1. Thanks so much for your article. While I agree that Swiss watches are likely to be substituted out by technological watches with higher utility, I don’t the solution is for Swiss Watchmakers to create their own smart-watches. To win in the smart-device industry, you need to build the engineering capability to conduct multiple design iterations fast enough to compete with an Apple or Google. Time is not on the Swiss’ side(pun intended)… but in all seriousness, the watchmakers could explore outsourcing the IT of the watch to smart device company, and take a position where they add their brands onto the finished product. The nature of what a Swiss watch is will change, but it does not mean the industry has to die.

  2. Interesting article! I wonder if these Swiss watch-making companies will be able to compete with the likes of Apple in creating technology-advanced smart watches. I believe a key differentiator is not only in Apple’s tech capabilities but also in the ecosystem and network of connected devices they have created. I believe Swiss watch makers may have to focus on what they are good at (manufacturing, design), and on their more upscale product segments and lucrative, high-margin customers to stay alive and sustain growth.

  3. Hi Walter! Thanks for your interesting post.

    As a lover of traditional Swiss watches, I am sad to say that I am not surprised that industry is under strong pressure. High tech “fun” pieces with conveniently available information for your health benefits seem ideal for our time’s wants and needs.

    However, I believe there is still hope for the Swiss, and not necessarily (if at all) through an entrance into smartwatch competition. Rather, I believe it should stick to what it knows best – high-quality, elegant, and expensive watches. What it must do, however, is recreate their status of being “it”-items. The luxury handbag industry is still able to successfully sell off bags worth thousands of dollars, some approaching $10k or above per piece. Even with convenient bags or backpacks, the luxury handbag will likely stay a coveted item in many forms. Even if convenient bags came with new technological features, and even if produced by Apple, I doubt they would replace the luxury handbag. This is to say that fun, high-tech, and convenient products serving our needs are not necessarily desirable – there is still a significant place for beautiful but less useful luxury items.

    Although I do not have a magic recipe, I believe that much comes down to marketing and a willingness of Swiss watch makers to go out of their comfort zones to renew their brands and appeal to the next generation of stars, including Hollywood stars but of course also social media influencers, users they may have previously not considered elegant enough but that dominate the ruling of future consumer trends. This, however, is not a marketing class, and thus I will not speculate further. Nevertheless, to summarize: despite innovative technology solutions there is still a place for Swiss luxury watches (and other non-tech, unpractical, expensive items), but they must target and appeal to those who create the “it”-items on social media and alike, because they are the large determinants of where people are willing to spend large sums of money.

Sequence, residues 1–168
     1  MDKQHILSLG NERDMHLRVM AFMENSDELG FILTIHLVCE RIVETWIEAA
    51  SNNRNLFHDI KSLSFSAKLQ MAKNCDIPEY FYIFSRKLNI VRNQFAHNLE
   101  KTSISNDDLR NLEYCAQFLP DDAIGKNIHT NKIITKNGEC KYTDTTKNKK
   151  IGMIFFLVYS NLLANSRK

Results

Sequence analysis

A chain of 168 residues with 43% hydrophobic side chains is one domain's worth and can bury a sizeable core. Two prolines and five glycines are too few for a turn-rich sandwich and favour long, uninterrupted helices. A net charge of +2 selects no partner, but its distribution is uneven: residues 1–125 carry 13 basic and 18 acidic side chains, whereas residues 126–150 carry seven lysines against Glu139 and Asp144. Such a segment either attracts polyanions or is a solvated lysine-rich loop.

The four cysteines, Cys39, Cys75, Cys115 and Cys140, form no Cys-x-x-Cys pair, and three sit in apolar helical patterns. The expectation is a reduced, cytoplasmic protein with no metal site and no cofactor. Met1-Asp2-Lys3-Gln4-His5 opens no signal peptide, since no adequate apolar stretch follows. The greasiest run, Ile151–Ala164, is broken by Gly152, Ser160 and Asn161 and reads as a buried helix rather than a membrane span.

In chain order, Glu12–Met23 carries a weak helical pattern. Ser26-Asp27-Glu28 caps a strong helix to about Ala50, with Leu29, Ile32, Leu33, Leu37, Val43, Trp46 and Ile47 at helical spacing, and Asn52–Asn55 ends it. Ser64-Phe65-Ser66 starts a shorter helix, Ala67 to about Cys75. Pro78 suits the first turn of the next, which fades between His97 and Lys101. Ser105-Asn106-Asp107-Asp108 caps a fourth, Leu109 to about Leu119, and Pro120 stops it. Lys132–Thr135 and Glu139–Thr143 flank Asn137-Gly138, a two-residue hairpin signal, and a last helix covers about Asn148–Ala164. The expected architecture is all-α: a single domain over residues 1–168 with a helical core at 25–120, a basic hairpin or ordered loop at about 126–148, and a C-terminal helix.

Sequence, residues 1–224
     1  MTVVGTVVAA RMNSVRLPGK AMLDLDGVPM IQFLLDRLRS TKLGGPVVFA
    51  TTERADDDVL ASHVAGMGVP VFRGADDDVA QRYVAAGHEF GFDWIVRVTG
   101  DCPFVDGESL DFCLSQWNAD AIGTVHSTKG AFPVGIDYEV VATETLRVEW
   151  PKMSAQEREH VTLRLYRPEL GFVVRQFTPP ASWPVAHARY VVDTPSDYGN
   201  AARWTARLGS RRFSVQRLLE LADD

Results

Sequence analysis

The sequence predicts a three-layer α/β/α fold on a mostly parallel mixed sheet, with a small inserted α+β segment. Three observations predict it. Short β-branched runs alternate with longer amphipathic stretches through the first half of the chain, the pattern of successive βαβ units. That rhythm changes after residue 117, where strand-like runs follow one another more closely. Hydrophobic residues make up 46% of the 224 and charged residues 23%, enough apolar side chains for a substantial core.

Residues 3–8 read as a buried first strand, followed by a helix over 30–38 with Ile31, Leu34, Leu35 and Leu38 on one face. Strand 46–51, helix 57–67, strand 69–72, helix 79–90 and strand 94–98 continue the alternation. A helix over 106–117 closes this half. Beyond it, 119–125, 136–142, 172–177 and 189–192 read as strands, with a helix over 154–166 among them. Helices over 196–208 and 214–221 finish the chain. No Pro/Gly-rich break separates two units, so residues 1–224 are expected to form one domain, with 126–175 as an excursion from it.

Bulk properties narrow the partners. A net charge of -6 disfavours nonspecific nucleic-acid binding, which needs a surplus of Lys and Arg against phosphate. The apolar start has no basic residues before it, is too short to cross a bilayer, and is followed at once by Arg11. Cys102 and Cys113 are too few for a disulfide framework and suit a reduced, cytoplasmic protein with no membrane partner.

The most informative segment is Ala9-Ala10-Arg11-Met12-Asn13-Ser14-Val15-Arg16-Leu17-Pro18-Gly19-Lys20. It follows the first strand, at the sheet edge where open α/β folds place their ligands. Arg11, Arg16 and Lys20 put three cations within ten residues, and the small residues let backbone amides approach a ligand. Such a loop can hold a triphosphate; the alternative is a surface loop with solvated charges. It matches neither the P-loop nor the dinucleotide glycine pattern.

At least that’s my view.

  4. Hi Walter,

    I really enjoyed reading your thoughtful post on the Swiss watch industry (especially as my husband is planning to go into this “dying” industry next year). While I do agree that the Swiss watch industry is facing challenges in attracting younger consumers who are interested in wearables and smartwatches, I think that it’s important to distinguish what type of digital innovation these companies pursue. Like some of the comments above, I believe that for the higher tier luxury watch brands, it does not make sense for them to compete in the smart watch space and instead should look to differentiate themselves from techy, social aspects of smartwatches. In that vein, I would advise them to focus on what makes them special – the art and craftsmanship that goes into a mechanical timepiece. One that isn’t mass produced, and builds its own social community among its unique owners. What I would suggest, however, is that they invest in updating the way that they interact with their consumers to communicate through more social platforms, centralized customer databases, dynamic pricing, etc.

    The group of watch brands that may be under fire, may be the Fossil watches of the world which compete with Apple watches in price and lack in utility. Some of those brands have decided to partner with tech companies to introduce their own more fashionable smartwatches, but it’s still unclear whether that is a good strategy. It will be an interesting battle nonetheless especially as companies like Apple expand to further categories in the consumer space.